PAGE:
That’s what I thought about the entire time I was reading “American Wife.” It took enormous guts to write this book, to dive into the psyche of Laura Bush and write from the first-person (for 555 pages).
And to write and imagine with such utter, unflagging discipline. The pace is relaxed, reflective. The phrase “page turner” does not come to mind and that’s a good thing as long as you don’t mind sinking into the psyche of Alice Lindgren/Laura Bush and watching a woman come to grips with her politics, marriage and, ultimately, her power.
I am not the target audience for “American Wife.” (I don’t think.) I’m a guy in my late 50’s and I can say up until reading this book I had no real interest in learning anything more about Laura Bush. And, yes, “American Wife” isn’t directly Laura Bush and, yet, of course it is. Key character points, key plot points about Laura’s views on abortion and the war in Iraq and, of course, the tragic auto accident as a youth that colored, changed, modified her entire life. Or did it…confirm her point of view about the world? It stays with her; how could it not? At least, from Curtis Sittenfeld’s imagination the accident affected everything that followed. My hat is off to Sittenfeld for imagining—and imagining so deeply—this woman’s complexities.
Writing in first-person, Sittenfeld starts with young Alice Lindgren and develops her over the course of four main chapters in her life. I don’t know blow-by-blow how the details of Alice Lindgren’s life match up with Laura Bush but I think the key issue Sittenfeld is addressing is this:
How does an “American Wife” decide when and how to speak up, when and how to declare independence (in the case of Laura/Alice, it’s not much) and when and how to stand your ground? And, I wonder, does Sittenfeld consider “wife” a pejorative? Especially when coupled with “American?” In showing how hard it is for one woman to speak up, to assert herself, is she saying more women should?
What’s seductive about Sittenfeld’s tale is the voice she has given Laura/Alice—and how much is going on beyond her staid and Plain-Jane exterior. (Didn’t think I would encounter so many R-rated passages, for instance.) Laura/Alice is deliberate, thoughtful and only somewhat self-aware. She is dressed down, late in the book, by someone nearly twice her age. She gives in too much, stays too quiet and yet she is also somehow true to herself. At her core, she’s a librarian and all the stereotypes (not necessarily accurate ones) are at the forefront to her personality: meek, laid-back, quiet. At-your-service.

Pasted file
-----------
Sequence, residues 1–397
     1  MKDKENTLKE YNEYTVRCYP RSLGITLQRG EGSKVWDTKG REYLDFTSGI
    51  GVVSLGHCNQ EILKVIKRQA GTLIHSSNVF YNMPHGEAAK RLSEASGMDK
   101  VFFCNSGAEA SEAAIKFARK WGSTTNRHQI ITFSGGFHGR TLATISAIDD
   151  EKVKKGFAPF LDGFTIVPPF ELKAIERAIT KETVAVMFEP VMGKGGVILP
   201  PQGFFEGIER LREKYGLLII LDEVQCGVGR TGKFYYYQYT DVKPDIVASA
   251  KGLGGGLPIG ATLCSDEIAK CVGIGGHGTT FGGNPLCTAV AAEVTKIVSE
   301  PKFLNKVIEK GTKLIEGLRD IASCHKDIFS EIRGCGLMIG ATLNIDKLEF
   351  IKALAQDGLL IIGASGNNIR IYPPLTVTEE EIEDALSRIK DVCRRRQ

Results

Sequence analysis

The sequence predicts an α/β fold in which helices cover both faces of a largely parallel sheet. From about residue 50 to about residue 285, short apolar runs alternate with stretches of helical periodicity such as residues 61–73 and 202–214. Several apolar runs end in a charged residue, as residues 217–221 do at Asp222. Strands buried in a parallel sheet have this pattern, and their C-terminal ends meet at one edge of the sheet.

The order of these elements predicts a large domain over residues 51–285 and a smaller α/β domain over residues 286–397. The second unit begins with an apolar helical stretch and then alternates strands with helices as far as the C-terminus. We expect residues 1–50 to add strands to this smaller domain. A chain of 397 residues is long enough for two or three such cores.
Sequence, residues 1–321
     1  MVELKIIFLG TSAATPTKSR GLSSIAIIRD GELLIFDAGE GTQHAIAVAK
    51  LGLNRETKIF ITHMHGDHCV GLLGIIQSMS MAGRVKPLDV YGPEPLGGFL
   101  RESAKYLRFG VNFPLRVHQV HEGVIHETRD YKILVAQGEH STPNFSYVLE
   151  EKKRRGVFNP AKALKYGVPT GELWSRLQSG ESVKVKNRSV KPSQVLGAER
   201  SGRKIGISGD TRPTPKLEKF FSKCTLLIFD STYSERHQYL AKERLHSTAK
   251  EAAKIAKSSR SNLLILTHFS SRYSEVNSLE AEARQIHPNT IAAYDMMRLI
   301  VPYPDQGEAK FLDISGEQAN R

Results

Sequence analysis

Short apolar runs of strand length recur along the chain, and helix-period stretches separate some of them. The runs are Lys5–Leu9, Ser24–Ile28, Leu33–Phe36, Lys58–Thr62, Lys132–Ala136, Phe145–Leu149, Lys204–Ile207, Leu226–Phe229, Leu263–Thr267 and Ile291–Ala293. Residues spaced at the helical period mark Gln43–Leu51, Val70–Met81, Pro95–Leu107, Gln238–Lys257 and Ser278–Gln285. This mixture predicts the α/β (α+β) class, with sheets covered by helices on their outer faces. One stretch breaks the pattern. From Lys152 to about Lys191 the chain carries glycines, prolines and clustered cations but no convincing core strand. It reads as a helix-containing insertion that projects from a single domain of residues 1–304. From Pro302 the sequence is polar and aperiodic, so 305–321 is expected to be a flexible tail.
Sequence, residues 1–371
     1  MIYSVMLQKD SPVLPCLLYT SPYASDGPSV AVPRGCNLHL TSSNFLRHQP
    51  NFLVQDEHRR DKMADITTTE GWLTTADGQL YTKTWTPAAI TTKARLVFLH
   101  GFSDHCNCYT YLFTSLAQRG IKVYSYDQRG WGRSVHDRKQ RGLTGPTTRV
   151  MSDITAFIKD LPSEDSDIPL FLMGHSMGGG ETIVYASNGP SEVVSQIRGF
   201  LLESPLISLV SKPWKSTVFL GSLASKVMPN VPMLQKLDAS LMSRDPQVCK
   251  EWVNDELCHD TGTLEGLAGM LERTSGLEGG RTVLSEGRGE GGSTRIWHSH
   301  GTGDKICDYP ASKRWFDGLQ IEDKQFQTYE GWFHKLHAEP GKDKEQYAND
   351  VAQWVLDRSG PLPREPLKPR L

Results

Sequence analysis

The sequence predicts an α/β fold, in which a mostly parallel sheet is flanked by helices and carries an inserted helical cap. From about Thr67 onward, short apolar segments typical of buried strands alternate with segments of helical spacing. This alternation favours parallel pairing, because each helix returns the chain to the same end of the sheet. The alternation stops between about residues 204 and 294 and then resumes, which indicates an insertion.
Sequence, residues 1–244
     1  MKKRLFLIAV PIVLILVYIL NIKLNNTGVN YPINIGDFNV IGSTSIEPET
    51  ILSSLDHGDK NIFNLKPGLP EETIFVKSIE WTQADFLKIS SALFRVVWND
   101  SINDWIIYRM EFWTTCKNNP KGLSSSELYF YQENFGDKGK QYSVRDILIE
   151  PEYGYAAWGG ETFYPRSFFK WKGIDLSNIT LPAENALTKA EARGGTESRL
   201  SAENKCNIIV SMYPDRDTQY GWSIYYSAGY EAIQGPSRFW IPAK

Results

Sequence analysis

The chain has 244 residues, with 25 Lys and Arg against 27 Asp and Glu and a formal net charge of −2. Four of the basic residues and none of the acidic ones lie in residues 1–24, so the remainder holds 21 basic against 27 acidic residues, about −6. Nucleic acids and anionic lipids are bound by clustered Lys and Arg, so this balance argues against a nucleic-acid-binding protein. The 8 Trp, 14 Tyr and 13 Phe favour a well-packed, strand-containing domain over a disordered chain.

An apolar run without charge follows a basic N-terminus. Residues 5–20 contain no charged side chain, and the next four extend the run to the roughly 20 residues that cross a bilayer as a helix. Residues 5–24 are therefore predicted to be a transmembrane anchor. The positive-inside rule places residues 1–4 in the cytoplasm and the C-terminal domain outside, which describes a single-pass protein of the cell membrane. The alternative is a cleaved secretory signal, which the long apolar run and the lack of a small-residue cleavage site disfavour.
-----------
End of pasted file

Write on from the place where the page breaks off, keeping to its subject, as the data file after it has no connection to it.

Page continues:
So when she gets sucked up into the world of the White House, she is still suppressing her personal attitudes. And then, just by an inch, she shifts and Sittenfeld captures that moment of self-recognition and awareness. Yes, it’s taken forever. Yes, you may have screamed at Laura/Alice long ago for her snail’s pace adjustments, but to me it’s Sittenfeld’s dedication to the character that is the marvel. If you’re angry, it’s because Sittenfeld has been successful at capturing her upbringing and the life-defining moments that shaped her character.
Of course Sittenfeld must also deliver a worthy husband for Laura/Alice and Charlie Blackwell is a sharply drawn fictional George Bush—full of himself, brash, confident, self-assured and extremely well motivated. And yet, Sittenfeld also gives us reason to see what kept them together as a couple and how Laura/Alice did her part to keep Charlie from his own bad habits, especially drinking.
I wanted Laura/Alice to be more forthright, more assertive. Who wouldn’t? But, in the end, she does things her own way and in her own style and that’s also what I admired about Sittenfeld’s talents, to stay so true to the character. “American Wife” is a piece of work—and considerable imagination.